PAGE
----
Millipore Corporation, Plaintiff, Appellant, v. the Travelers Indemnity Company, Hartford Accident Andindemnity Company, and Insurance Company of Northamerica, Defendants, Appellees.the Travelers Indemnity Company and Insurance Company Ofnorth America, Defendants, Appellants, v. Millipore Corporation, Plaintiff, Appellee, 115 F.3d 21 (1st Cir. 1997)Annotate this Case
David A. Guberman, with whom Robert J. Muldoon, Jr., Nereyda Garcia and Sherin & Lodgen LLP were on brief, for plaintiff-appellant and cross-appellee Millipore Corporation.
Paul Koepff, with whom Rosemary Boller, James Arbogast, O'Melveny & Myers LLP, David Chaffin and Hare & Chaffin were on brief, for defendant-appellee and cross-appellant Century Indemnity Company, f.k.a. Insurance Company of North America.
James L. Ackerman, with whom Maura D. Sullivan and Day, Berry & Howard were on brief, for defendant-appellee and cross-appellant The Travelers Indemnity Company.
John P. Ryan, Robert G. Eaton and Sloane & Walsh were on brief, for defendant-appellee Hartford Accident and Indemnity Company.
Before BOUDIN, Circuit Judge, BOWNES, Senior Circuit Judge, and LYNCH, Circuit Judge.
LYNCH, Circuit Judge.
The substantial costs of remediating environmental damage under the Comprehensive Environmental Response, Compensation, and Liability Act ("CERCLA"), 42 U.S.C. §§ 9601 et seq., and other environmental laws have pitted businesses against their insurers in fierce disputes over who will bear these costs. That is the case here.
Underlying this lawsuit is the cleanup of five hazardous waste sites, three in Massachusetts and two in New Jersey. Millipore Corporation was one of the sources of waste at the sites, and was a defendant in several actions alleging violations of federal and state environmental laws. Millipore defended these suits and incurred liability as to some of the sites. It may ultimately be responsible for contributing to the remediation costs of the other sites as well.
The primary issue here is whether the district court erred in entering summary judgment for the insurers (and then denying reconsideration) on the ground that none of Millipore's CERCLA liability is covered under any of the comprehensive general liability ("CGL") policies Millipore carried during the relevant periods. In considering this question, we must address, among other things, the "pollution exclusion" provisions of the insurance policies, which preclude coverage for pollution-related claims unless the release of pollutants was "sudden and accidental." Based on recent developments in Massachusetts environmental insurance law, we vacate in part the grant of summary judgment.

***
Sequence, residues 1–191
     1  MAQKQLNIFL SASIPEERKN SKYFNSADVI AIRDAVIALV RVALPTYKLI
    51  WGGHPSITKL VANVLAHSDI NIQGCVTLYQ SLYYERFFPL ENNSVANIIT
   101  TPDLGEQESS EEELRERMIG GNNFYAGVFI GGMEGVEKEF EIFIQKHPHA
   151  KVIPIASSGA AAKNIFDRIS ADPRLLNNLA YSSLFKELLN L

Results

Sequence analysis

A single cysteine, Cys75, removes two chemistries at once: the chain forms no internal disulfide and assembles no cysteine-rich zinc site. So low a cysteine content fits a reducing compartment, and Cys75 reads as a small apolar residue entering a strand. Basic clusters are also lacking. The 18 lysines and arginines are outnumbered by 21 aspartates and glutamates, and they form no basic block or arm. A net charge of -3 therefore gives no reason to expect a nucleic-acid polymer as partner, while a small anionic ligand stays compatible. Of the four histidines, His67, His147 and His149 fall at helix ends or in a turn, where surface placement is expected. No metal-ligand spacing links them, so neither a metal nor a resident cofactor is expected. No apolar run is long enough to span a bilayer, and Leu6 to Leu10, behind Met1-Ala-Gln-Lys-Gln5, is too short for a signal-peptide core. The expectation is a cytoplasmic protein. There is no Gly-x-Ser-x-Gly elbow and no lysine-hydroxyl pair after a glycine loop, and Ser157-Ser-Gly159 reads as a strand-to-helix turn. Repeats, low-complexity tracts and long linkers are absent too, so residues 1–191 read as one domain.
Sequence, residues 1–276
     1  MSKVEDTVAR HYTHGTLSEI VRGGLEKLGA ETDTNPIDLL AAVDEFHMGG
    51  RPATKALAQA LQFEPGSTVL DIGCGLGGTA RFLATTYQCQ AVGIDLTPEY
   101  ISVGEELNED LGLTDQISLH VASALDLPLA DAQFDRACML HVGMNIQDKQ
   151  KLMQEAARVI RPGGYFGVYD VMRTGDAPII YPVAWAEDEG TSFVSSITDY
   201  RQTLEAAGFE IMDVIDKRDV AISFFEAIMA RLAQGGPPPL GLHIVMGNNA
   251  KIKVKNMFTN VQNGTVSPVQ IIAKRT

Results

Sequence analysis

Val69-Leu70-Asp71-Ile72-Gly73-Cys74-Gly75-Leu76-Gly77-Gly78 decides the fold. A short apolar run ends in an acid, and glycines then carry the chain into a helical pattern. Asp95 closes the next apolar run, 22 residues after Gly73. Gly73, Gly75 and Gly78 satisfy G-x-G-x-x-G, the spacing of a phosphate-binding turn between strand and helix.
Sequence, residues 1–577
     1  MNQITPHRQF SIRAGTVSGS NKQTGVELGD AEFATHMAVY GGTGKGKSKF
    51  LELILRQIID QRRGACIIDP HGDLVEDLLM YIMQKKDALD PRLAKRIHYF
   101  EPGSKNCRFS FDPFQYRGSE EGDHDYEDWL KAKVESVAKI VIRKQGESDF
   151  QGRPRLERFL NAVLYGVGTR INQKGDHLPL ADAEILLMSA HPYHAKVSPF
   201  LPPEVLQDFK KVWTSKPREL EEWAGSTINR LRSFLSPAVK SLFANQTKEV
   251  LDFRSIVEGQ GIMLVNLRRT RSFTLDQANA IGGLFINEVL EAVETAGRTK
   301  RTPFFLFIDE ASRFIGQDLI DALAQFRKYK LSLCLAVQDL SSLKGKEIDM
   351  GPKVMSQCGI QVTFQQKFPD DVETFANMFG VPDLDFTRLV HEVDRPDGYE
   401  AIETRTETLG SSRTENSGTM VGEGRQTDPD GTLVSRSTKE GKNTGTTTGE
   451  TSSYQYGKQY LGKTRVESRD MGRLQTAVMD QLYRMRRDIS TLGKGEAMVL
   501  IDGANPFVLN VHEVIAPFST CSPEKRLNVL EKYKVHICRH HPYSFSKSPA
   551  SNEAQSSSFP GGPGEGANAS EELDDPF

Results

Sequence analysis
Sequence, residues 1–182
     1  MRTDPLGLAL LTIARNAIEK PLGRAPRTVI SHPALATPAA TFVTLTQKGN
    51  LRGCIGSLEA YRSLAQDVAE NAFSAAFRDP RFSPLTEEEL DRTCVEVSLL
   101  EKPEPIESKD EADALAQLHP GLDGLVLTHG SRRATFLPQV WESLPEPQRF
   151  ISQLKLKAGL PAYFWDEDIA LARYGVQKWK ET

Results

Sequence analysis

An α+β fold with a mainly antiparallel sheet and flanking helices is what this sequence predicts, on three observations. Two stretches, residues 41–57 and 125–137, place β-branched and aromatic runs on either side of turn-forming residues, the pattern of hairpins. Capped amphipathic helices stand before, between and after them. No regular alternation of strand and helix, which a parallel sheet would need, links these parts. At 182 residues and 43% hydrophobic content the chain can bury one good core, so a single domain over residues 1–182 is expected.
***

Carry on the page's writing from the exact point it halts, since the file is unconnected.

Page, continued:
We also conclude that New Jersey law applies to claims under policies issued to a New Jersey corporation later acquired by Millipore, and that summary judgment was properly entered in favor of one of Millipore's insurers, Travelers Indemnity Company, because Millipore failed to produce evidence of an occurrence within the Travelers policy period. Finally, we hold that Millipore was entitled to summary judgment on the insurers' counterclaims for reimbursement for defense costs paid to Millipore.
The insurance coverage issues involved in this case are best understood in context. CERCLA, which was enacted in 1980, is the primary federal statutory scheme regulating hazardous waste cleanups. Some states have enacted their own regimes as well. CERCLA imposes liability for the costs of cleaning up hazardous waste sites and for the loss of natural resources due to pollution on three categories of potentially responsible parties ("PRPs"): past and present owners and operators of hazardous waste sites, some companies that transported waste to these sites, and companies that generated waste disposed of at these sites. 42 U.S.C. § 9607(a). Suit may be brought against a PRP by the federal government, a state, or a private party who bore cleanup costs. Jerry, Understanding Insurance Law § 65, at 459-60 (2d ed.1996). See generally Ostrager & Newman, Insurance Coverage Disputes, §§ 10.01, 10.02 (8th ed.1995).
CERCLA creates novel forms of liability for environmental harm. It is, in general, a strict liability regime. St. Paul Fire & Marine Ins. Co. v. Warwick Dyeing Corp., 26 F.3d 1195, 1197-98 (1st Cir. 1994). The CERCLA cost allocation scheme may operate retroactively as well: a PRP may be held responsible for actions taken before CERCLA was enacted and before the PRP was aware that its actions might lead to environmental liability. Jerry, supra, § 65, at 459-60. CERCLA allows joint and several liability when specific damage cannot be attributed to particular PRPs, which is often the case at hazardous waste sites. Id. § 65, at 460.1
Faced with environmental liability, companies began turning to their third-party liability insurance carriers for coverage under CGL policies. Comment, The 1970 Pollution Exclusion in Comprehensive General Liability Policies, 24 Duq. L.Rev. 1083, 1083 (1996). See generally Ballard & Manus, Clearing Muddy Waters: Anatomy of the Comprehensive General Liability Pollution Exclusion, 75 Cornell L. Rev. 610 (1990). CGL policies are usually occurrence policies that protect insureds against most types of risk and are available for nearly all types of business ventures. Note, The "Sudden and Accidental" Exception to the Pollution Exclusion Clause in Comprehensive General Liability Insurance Policies, 45 Vand. L. Rev. 161, 163-65 (1992).